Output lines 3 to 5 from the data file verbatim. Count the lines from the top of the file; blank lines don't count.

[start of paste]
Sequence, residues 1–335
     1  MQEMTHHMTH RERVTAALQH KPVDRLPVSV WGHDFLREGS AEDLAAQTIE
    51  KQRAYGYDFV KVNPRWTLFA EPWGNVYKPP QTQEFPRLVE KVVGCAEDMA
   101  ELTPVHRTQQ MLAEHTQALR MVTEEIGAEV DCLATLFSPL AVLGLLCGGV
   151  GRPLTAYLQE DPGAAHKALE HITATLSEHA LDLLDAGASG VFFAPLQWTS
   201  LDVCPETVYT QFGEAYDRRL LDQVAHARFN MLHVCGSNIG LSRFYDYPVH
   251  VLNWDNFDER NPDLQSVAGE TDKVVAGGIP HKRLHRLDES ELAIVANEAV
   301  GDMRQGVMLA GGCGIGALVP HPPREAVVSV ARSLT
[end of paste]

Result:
    51  KQRAYGYDFV KVNPRWTLFA EPWGNVYKPP QTQEFPRLVE KVVGCAEDMA
   101  ELTPVHRTQQ MLAEHTQALR MVTEEIGAEV DCLATLFSPL AVLGLLCGGV
   151  GRPLTAYLQE DPGAAHKALE HITATLSEHA LDLLDAGASG VFFAPLQWTS